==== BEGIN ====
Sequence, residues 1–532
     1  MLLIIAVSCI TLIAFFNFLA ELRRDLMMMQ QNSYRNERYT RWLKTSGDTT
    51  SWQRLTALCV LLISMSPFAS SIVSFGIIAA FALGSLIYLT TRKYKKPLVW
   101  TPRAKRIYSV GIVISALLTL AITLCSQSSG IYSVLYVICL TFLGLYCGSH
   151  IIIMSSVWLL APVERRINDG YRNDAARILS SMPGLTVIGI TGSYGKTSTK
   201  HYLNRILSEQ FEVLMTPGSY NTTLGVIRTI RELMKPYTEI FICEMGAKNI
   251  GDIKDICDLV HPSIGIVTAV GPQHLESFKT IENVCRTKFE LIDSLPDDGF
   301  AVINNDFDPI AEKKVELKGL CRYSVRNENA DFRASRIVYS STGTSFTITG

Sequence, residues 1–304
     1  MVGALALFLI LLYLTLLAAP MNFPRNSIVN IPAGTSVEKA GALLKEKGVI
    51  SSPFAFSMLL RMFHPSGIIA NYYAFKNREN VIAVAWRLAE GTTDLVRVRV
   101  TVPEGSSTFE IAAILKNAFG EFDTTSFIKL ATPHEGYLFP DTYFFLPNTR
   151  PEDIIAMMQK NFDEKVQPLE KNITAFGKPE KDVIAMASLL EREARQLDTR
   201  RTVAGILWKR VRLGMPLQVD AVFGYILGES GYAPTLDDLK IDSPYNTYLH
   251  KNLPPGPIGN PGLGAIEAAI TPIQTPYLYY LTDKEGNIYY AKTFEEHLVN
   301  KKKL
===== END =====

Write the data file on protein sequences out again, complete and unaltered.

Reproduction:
Sequence, residues 1–532
     1  MLLIIAVSCI TLIAFFNFLA ELRRDLMMMQ QNSYRNERYT RWLKTSGDTT
    51  SWQRLTALCV LLISMSPFAS SIVSFGIIAA FALGSLIYLT TRKYKKPLVW
   101  TPRAKRIYSV GIVISALLTL AITLCSQSSG IYSVLYVICL TFLGLYCGSH
   151  IIIMSSVWLL APVERRINDG YRNDAARILS SMPGLTVIGI TGSYGKTSTK
   201  HYLNRILSEQ FEVLMTPGSY NTTLGVIRTI RELMKPYTEI FICEMGAKNI
   251  GDIKDICDLV HPSIGIVTAV GPQHLESFKT IENVCRTKFE LIDSLPDDGF
   301  AVINNDFDPI AEKKVELKGL CRYSVRNENA DFRASRIVYS STGTSFTITG

Sequence, residues 1–304
     1  MVGALALFLI LLYLTLLAAP MNFPRNSIVN IPAGTSVEKA GALLKEKGVI
    51  SSPFAFSMLL RMFHPSGIIA NYYAFKNREN VIAVAWRLAE GTTDLVRVRV
   101  TVPEGSSTFE IAAILKNAFG EFDTTSFIKL ATPHEGYLFP DTYFFLPNTR
   151  PEDIIAMMQK NFDEKVQPLE KNITAFGKPE KDVIAMASLL EREARQLDTR
   201  RTVAGILWKR VRLGMPLQVD AVFGYILGES GYAPTLDDLK IDSPYNTYLH
   251  KNLPPGPIGN PGLGAIEAAI TPIQTPYLYY LTDKEGNIYY AKTFEEHLVN
   301  KKKL